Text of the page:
Quick Links:

Conclusion: How to Be a Ghostwriter in 2024 ?

It isn’t for those who are frightened of heights. It’s okay to devote weeks or even months to a project that you’ll never be able to claim. In exchange, you receive a good salary and the chance to work with some interesting people.

Even if you aren’t an expert in your field, you should be able to write on a variety of topics, regardless of your expertise.

You must be disciplined, organized, and self-driven, while staying flexible and adaptable to the needs of your clients.

Despite the competitive nature of the job market, there’s plenty of work out there. The possibilities of ghostwriting have grown since 2014, when one estimate suggested that 60% of bestsellers were ghostwritten.

Interested in getting started? When you’re already freelancing, ask your clients for recommendations of ghostwriters.

To gain experience, try ghostwriting for your favorite blogger while you’re still learning. When it comes to book ghostwriting, you may want to consider self-publishing an eBook.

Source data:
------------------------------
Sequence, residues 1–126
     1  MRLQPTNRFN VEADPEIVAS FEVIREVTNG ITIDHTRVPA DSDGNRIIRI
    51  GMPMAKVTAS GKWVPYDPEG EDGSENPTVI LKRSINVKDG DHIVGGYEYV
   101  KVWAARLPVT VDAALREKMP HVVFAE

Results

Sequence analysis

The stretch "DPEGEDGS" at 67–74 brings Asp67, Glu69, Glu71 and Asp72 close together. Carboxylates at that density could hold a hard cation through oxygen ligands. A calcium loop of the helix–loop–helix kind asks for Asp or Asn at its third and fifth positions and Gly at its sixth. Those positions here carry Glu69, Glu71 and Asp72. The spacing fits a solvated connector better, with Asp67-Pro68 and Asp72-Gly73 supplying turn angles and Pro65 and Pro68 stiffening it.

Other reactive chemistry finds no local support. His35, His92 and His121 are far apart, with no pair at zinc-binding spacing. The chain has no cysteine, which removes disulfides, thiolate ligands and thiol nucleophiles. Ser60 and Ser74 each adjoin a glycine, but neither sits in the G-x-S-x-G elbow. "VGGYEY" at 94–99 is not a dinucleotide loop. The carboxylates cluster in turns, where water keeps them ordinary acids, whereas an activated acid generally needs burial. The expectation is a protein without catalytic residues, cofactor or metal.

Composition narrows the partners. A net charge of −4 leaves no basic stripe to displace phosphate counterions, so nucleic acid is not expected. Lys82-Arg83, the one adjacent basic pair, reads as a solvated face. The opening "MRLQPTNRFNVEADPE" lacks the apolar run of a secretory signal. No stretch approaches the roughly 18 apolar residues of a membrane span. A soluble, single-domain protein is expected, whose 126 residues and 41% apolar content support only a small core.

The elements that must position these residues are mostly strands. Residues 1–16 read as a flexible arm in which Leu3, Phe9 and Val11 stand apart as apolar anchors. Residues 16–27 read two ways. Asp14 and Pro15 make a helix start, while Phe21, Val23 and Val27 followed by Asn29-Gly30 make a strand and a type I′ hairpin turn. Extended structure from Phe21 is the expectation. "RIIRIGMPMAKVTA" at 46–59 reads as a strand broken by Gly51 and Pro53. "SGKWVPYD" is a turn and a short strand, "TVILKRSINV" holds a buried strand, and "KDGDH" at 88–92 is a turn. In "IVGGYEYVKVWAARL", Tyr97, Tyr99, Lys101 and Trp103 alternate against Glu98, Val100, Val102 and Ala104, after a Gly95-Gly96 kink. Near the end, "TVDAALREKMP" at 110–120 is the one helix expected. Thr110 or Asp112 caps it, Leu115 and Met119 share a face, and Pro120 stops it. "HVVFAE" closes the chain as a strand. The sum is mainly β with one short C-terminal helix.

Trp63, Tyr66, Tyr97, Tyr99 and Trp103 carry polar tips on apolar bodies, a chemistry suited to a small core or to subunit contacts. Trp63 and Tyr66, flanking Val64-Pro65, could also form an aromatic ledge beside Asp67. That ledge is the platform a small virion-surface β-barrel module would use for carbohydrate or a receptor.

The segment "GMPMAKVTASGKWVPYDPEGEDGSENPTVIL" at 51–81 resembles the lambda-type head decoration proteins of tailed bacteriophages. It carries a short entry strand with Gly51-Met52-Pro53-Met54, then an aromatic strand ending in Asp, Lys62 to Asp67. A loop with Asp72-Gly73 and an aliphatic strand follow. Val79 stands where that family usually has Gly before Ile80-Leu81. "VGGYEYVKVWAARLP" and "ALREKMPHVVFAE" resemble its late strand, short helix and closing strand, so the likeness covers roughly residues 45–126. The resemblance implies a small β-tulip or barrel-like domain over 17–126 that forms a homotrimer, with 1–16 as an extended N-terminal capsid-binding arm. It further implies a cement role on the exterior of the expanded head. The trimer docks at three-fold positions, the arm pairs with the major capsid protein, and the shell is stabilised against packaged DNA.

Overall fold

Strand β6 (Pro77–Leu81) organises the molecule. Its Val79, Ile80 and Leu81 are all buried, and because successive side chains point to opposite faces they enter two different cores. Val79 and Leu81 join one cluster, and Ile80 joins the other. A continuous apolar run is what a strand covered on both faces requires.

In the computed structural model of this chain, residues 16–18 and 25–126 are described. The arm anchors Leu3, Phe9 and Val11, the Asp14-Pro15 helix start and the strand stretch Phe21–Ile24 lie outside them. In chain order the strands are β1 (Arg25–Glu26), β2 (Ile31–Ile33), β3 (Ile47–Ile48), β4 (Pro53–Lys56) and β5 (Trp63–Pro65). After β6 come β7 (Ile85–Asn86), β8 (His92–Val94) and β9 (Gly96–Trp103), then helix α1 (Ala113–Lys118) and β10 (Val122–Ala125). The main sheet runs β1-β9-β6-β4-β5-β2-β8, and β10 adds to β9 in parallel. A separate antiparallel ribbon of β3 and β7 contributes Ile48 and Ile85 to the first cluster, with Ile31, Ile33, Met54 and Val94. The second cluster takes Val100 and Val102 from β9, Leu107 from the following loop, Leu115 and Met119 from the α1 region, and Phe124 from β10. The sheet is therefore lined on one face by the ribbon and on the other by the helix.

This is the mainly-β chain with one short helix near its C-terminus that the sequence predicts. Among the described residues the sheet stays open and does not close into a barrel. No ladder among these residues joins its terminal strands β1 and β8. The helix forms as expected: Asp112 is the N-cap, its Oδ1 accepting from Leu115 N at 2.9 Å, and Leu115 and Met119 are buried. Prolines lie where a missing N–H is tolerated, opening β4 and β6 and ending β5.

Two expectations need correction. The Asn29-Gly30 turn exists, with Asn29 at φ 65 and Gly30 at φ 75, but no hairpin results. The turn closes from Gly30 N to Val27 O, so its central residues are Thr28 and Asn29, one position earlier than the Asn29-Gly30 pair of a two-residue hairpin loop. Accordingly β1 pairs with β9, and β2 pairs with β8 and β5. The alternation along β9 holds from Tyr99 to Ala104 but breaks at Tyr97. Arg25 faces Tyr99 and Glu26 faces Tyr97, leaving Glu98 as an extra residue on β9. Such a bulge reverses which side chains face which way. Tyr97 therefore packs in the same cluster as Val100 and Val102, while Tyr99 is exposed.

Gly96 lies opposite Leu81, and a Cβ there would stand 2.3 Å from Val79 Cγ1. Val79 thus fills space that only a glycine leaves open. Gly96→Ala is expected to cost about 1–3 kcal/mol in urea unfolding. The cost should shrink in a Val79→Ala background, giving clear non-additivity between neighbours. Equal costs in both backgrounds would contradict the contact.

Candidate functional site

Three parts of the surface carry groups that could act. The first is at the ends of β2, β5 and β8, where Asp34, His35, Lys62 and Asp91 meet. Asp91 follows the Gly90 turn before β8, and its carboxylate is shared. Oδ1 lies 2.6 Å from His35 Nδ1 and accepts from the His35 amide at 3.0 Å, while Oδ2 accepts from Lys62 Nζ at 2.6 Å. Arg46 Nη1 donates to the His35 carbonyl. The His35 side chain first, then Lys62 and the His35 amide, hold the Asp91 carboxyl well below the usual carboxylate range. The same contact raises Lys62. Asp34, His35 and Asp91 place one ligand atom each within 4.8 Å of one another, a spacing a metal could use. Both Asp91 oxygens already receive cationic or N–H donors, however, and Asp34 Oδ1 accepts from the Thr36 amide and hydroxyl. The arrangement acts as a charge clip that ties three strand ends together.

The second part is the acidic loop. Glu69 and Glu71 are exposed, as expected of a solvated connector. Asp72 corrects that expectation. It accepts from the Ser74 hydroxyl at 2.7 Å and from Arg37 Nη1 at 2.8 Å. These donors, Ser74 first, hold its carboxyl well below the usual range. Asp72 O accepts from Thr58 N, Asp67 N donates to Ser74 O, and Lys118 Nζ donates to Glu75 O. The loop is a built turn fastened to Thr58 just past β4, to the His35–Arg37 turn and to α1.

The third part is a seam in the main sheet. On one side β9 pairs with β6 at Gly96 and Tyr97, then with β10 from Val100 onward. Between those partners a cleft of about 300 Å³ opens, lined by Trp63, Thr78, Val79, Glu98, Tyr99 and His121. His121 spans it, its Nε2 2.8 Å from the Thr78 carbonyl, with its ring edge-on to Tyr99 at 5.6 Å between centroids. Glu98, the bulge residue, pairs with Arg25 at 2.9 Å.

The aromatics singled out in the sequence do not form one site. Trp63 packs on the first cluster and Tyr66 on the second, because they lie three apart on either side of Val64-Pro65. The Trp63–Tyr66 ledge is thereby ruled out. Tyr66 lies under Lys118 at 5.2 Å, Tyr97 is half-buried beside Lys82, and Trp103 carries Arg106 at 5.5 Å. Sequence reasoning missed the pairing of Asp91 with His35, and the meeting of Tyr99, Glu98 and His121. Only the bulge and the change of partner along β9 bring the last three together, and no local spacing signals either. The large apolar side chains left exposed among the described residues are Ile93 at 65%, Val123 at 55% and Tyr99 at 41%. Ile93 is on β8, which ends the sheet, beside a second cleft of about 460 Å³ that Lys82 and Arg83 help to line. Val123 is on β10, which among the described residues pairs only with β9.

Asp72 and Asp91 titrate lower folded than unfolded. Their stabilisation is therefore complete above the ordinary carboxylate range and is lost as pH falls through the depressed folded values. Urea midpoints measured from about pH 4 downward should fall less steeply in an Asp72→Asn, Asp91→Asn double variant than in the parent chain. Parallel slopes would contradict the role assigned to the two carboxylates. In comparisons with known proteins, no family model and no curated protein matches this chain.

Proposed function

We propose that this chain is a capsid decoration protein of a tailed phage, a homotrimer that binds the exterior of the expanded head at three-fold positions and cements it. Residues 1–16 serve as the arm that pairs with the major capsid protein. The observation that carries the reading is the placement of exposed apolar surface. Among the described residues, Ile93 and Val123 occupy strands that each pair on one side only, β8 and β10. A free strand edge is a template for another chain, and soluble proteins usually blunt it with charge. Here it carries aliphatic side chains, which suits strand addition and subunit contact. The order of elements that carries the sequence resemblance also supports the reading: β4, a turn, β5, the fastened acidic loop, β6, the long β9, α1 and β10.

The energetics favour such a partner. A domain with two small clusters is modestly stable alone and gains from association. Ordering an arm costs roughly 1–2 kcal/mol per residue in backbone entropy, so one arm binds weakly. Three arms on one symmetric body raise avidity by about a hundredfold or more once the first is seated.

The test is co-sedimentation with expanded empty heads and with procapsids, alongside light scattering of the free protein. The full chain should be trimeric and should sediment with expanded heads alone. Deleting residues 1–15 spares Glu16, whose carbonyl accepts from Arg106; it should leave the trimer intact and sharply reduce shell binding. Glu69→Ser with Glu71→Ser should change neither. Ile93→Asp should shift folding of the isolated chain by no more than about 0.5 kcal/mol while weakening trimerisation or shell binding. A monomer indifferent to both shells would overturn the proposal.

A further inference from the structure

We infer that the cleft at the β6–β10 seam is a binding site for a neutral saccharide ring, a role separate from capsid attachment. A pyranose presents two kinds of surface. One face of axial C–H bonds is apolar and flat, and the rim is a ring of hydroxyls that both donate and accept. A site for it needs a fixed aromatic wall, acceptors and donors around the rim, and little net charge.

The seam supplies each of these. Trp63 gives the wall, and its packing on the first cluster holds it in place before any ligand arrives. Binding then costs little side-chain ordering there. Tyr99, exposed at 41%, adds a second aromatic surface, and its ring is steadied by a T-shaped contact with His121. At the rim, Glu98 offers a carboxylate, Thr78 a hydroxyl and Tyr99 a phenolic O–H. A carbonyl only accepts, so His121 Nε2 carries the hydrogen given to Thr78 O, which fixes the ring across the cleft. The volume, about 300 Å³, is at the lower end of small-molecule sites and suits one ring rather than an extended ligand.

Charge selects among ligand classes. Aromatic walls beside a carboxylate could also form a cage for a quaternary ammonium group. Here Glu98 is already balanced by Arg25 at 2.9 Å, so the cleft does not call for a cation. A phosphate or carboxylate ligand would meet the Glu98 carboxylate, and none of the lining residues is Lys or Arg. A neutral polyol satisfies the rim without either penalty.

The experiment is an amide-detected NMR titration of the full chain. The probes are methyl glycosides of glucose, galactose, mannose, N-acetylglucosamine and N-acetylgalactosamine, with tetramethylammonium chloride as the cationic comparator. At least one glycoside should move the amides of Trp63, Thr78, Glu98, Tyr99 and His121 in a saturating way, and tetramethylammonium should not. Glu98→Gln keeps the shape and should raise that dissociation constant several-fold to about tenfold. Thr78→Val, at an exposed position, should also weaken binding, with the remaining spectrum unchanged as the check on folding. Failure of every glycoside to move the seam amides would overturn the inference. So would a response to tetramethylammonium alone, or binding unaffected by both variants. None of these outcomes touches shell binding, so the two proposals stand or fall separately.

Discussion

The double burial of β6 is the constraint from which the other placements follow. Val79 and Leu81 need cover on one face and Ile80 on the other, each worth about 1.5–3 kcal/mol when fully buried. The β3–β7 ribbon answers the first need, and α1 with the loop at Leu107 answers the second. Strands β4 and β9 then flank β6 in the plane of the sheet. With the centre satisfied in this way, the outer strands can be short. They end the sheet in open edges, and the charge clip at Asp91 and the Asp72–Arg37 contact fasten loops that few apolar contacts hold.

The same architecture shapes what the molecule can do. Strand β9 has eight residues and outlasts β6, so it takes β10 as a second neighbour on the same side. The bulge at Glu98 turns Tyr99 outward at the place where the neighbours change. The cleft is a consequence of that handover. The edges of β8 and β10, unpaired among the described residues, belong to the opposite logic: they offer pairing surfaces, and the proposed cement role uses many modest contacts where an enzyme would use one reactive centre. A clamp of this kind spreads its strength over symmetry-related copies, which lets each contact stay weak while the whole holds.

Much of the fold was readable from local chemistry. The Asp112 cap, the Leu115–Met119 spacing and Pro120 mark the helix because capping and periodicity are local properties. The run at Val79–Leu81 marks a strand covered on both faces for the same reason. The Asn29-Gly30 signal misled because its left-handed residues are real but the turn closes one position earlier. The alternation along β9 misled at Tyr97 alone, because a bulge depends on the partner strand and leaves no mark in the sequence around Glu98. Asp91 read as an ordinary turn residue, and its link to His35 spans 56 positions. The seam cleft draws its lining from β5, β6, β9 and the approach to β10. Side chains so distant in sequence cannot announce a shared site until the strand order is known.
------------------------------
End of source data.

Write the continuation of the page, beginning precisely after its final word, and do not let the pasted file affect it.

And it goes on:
Diksha Dutt

Diksha Garg, is an experienced writer who specializes in writing about web hosting in easier way. She also loves writing about web hosting, graphic design, content management and other stuff. Before she started writing for Affiliatebay, Diksha has spent ten years doing freelance writing, graphic design, and clicking cool photos. She's a web hosting expert and an artist, and she shares her knowledge with people on various forums. Diksha cares a lot about saving the environment, fighting climate change, and making sure everyone is treated fairly. Right now, she's learning even more about journalism and always finding new ways to share her knowledge about web hosting in a simple and friendly way. Connect with Diksha on Linkedin and Instagram

Leave a Comment